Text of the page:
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Video: LeBron provides surprising reason he shoots right-handed

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One of the things that makes LeBron James so great is that he's constantly evolving. When he first arrived to the NBA, he overpowered his opponents with raw athleticism and explosiveness. Since then, he's become one of the league's sharpest passers, added a deadly three-point shot, and made six consecutive NBA All-Defensive teams. 

In Friday night's domination of the Toronto Raptors, LeBron added yet another dimension to his unstoppable game. In the midst of leading the Cavs to a commanding 3-0 series lead, LeBron casually attempted two left-handed shots and made them both. 

James has spent his entire career shooting right-handed, but 14 years in he suddenly decided to go left-handed during playoff game. 

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Another player might be hesitant to try out a new move in such a high-stakes moment, but LeBron made it look easy. After hitting his first lefty hook over Norman Powell, LeBron shook Fred VanVleet with a highlight-reel spin move and buried a lefty floater to put the game out of reach.

But the craziest part that you may not know is that LeBron is actually left-handed. When he's off the court, he writes and eats with his left hand.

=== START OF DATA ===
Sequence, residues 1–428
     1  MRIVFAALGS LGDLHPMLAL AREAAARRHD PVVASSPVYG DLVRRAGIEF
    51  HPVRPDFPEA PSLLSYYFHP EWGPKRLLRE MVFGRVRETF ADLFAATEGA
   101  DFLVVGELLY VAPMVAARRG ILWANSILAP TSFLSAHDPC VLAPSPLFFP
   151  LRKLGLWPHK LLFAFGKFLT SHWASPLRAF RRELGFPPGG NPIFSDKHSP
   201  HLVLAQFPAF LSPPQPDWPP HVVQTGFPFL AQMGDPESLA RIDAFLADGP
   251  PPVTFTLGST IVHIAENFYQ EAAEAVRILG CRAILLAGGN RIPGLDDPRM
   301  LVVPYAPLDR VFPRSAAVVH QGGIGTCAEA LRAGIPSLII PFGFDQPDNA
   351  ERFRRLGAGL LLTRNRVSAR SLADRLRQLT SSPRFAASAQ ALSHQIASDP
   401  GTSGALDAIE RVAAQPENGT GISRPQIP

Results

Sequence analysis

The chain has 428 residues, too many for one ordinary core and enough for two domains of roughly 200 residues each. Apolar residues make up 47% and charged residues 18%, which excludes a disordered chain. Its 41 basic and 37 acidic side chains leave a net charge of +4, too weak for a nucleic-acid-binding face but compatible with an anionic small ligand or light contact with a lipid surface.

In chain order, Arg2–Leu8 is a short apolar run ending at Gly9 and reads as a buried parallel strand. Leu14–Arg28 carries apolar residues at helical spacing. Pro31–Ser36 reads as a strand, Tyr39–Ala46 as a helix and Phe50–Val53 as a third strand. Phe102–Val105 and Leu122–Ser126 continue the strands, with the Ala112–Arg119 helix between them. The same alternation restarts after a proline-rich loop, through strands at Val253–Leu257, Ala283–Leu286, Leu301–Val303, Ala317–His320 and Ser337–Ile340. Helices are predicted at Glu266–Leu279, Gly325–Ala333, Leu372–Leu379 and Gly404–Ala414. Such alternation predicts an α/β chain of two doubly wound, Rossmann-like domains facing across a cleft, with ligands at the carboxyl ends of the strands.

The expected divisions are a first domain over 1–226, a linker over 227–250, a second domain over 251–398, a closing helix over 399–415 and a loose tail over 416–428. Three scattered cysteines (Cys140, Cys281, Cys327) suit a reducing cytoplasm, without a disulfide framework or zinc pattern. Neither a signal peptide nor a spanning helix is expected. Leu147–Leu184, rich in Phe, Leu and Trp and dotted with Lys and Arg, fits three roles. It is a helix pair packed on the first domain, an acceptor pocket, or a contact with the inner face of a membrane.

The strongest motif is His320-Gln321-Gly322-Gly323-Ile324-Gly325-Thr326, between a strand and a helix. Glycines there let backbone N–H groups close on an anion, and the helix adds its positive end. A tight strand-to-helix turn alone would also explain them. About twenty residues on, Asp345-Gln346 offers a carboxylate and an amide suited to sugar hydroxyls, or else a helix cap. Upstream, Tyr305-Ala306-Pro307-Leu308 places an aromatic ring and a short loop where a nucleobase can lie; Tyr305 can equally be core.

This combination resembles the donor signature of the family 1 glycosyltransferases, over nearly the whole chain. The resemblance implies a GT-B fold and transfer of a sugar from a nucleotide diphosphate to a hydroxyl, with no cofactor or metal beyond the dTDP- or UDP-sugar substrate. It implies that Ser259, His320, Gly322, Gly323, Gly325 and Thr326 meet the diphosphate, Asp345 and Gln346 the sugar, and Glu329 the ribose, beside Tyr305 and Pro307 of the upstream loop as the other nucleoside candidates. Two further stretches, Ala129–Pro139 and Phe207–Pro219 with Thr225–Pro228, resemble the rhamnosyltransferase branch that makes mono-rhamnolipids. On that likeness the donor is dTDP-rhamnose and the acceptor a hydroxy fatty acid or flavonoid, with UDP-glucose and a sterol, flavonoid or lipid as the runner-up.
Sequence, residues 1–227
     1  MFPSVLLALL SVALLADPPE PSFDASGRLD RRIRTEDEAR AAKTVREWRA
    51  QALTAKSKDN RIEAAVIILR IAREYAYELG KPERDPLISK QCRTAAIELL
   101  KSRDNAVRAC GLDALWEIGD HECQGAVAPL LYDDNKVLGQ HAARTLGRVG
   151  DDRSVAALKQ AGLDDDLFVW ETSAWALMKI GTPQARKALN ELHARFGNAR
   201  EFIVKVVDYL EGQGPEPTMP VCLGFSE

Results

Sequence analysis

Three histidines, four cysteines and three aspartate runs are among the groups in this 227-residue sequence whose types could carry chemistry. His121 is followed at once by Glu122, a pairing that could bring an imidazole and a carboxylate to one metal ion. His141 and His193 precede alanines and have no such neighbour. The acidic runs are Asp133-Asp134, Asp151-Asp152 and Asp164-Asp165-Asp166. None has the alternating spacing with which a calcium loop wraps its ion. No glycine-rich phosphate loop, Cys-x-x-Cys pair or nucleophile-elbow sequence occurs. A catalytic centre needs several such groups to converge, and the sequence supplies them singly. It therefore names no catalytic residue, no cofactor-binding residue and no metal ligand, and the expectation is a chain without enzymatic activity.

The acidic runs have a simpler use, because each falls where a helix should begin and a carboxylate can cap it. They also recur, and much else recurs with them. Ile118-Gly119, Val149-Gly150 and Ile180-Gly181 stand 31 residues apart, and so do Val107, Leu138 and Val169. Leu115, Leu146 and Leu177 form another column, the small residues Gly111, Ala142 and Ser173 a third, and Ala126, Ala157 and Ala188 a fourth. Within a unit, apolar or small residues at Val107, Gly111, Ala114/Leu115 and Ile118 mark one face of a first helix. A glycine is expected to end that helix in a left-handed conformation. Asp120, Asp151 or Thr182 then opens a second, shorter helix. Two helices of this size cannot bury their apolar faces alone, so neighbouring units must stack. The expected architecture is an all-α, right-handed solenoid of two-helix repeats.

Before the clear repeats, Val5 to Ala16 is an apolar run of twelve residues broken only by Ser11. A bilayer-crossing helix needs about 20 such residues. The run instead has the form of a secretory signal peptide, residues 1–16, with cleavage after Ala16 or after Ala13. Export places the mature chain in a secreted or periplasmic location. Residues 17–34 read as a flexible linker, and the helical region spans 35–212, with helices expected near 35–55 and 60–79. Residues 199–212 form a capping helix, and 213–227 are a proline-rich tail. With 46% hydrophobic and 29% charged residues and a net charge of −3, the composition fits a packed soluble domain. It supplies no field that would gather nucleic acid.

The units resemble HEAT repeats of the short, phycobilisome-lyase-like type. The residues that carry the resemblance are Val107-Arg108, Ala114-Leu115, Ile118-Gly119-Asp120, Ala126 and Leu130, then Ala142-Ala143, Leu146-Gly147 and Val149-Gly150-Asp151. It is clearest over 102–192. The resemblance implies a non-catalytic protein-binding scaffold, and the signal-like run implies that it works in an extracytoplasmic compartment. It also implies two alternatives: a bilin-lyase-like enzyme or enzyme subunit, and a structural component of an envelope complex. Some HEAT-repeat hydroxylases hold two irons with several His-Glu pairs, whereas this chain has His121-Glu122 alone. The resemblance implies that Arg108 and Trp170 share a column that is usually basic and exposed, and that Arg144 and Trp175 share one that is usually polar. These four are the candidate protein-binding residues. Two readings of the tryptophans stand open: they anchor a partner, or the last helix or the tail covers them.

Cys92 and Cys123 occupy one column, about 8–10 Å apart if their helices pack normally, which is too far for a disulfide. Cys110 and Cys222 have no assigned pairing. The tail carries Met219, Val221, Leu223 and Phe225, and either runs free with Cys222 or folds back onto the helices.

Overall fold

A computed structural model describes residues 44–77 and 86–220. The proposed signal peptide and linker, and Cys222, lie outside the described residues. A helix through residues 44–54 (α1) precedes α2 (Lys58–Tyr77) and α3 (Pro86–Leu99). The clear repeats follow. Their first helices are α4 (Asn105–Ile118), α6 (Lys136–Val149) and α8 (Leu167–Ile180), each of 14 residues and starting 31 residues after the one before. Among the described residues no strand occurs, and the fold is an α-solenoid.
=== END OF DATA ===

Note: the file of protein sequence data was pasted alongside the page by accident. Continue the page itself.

After the game, LeBron revealed that he was inspired to shoot right-handed in the first place by Michael Jordan and Penny Hardaway. 

"It's probably Michael Jordan, Penny Hardaway," he said. "Guys that I looked up to growing up, seeing those guys shoot righty, I was like, 'I guess I'll shoot righty.' But I'm pretty much a left-handed guy. I don't take many of those shots but I'm capable of making those shots."

In his typical humble fashion, LeBron didn't take full credit surprising lefty shot, giving a shout out to his Little League coach.

"My Little League coach Frank Walker told me, 'If you can't make a left-handed layup, you're not going to be much of a basketball player.'"

Twitter loved the lefty stroke, with some drawing comparisons to all-time Celtics legend Larry Bird:

The Raptors will try to stay alive in an elimination game in Toronto tomorrow. But whether he shoots right or left on Sunday, the Raptors are up against a nearly impossible task in Game 4: stopping LeBron James at the height of his powers.

Topics:
NBA
Cleveland Cavaliers
Central Division
Eastern Conference
Michael Jordan
Michael Jordan
LeBron James
NBA Playoffs
DeMar DeRozan
Toronto Raptors
Atlantic Division

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